Gone Hikin’

Goodbyes are hard, even when it is really just “see ya later.”

This week I have done all of my favorite things in Tennessee for the “last time,” and while it may not be the last time ever, I will undoubtedly never look at things the same way after this journey, so in a way it is.

From cramming in time to visit friends, going on last-minute adventures, moving out of my apartment, selling pretty much all of my belongings, and prepping for what is soon to come, I have barely had time to consider exactly what the hell I am getting myself into. To be honest, I am not sure that I want to delve too deeply into those feelings.

Tonight, my family threw me a little going away/birthday party at one of my absolute favorite places on Watauga Lake. As we waited on sunset and for the burgers to cook, Nana asked Toes and me what we hoped was going to happen, and at least to me, the answers felt forced. There was a thick silence in the air of a question unanswered. But I think that I have a better answer now.

The things that I am hoping for are endless, though this journey is not about what I hope to happen, but about accepting and finding gratitude in what does.

It is about shooting every shot that feels right, and knowing when to say no. The things I am hoping for are endless. I am hoping for more love. I am hoping for more inner peace. I am hoping to be better equipped to move through this world with confidence and purpose, in the most humble way. I am hoping for so, so, so much, but most of all that I do not take one second for granted and that I walk away applying the things that I learn in a positive way. For most endeavors, one might say that I am hoping for too much. But for those who know, when it comes to these trails this is only a fraction of what I could be given if I show it, and my body, the respect they deserve.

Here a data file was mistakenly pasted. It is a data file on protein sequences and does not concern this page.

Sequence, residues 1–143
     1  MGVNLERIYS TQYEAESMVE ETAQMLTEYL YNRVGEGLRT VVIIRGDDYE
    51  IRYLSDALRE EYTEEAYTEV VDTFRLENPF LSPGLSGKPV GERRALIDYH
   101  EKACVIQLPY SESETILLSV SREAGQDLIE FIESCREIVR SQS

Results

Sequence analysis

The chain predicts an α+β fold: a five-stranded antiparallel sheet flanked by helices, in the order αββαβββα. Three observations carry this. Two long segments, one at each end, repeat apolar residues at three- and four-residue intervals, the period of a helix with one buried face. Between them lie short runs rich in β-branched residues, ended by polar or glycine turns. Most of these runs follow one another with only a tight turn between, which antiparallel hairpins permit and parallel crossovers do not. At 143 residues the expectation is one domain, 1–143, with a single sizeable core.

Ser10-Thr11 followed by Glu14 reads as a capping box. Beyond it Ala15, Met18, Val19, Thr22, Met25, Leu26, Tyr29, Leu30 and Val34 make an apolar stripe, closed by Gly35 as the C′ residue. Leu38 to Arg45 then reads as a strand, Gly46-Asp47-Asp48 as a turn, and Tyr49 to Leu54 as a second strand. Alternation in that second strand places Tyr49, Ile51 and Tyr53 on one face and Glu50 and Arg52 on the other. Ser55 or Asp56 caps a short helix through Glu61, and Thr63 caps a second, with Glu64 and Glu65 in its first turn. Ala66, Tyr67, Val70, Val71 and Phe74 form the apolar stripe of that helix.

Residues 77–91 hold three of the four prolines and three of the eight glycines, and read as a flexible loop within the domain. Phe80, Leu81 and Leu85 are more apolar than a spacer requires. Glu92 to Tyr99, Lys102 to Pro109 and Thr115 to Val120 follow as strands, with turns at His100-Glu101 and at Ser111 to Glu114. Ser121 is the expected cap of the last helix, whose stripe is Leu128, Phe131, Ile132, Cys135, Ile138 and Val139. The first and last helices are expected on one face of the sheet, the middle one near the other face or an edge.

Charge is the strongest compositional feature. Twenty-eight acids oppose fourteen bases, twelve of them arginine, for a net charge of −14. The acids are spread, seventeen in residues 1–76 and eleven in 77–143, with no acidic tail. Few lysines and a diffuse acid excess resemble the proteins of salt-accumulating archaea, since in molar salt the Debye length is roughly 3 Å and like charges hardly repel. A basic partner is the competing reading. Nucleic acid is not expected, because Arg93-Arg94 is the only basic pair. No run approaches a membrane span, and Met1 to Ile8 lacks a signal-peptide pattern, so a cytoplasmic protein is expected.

A hostel owner in NC once said that “your hike tends to reflect who you are,” and I believe that to be true for me. I have grown in so many ways since the AT, because of the AT and the folks that I met along the way, and I’m anxious to see how that reflects on this audacious walk to Mexico. I suppose time will tell, for I have many miles to go.

However, the beautiful part about saying goodbye to my family and my hometown is saying hello to old friends and new opportunities. I love the Appalachian mountains, and I love climbing one to look off into the distance at another. I can see from one beautiful spot to the next, and know the name of the space in between. I know where all of the best campsites are, and the easiest spots to find water. There are places that I love to share, and places that I go that feel like mine alone. While this has its own beauty and a very special place in my life, I relish the prospect of looking at new mountains.

That exhilarating yet peaceful feeling of looking out at a great big world and knowing that there is more yet to see.

Friendships that were formed on the AT with folks from very different walks of life have become just like family, and in my mind, I can not think of many things more rewarding than reuniting with these folks on the PCT. It is not often that so many people from such different places can carve out time and resources for each other, but I am so grateful that I made friends who are as eager to make this happen as I am. Ain’t no might. Only do.

Equally so, I can not wait for all of the new friends that I know I will meet on this path, even if some are just momentary connections between two strangers who happen to be in the same place at the same time, enjoying what is before them. I am excited about all of the various things that these new friends love and eager for the lessons that they can teach me. I am hopeful that I can be useful to someone else, as often as possible. I am already thankful for whoever it might be that says out loud the whispers in my head that I am too afraid to voice. I hope I can help someone laugh when they would rather cry. I hope I can be there when someone really needs to cry, just in case they want to vent.

I hope for human connection in epic proportions to match the epic undertaking we are sharing together.

This will be the last busy day. One short drive and a couple of planes later until I get to hug Pale Ale in a city we have been talking about me visiting for two years, and finally get to meet her dog. One more day of simple last-minute preparations, and sightseeing with friends. Then, the first day of my walk from Canada to Mexico. The first day of the rest of my life.

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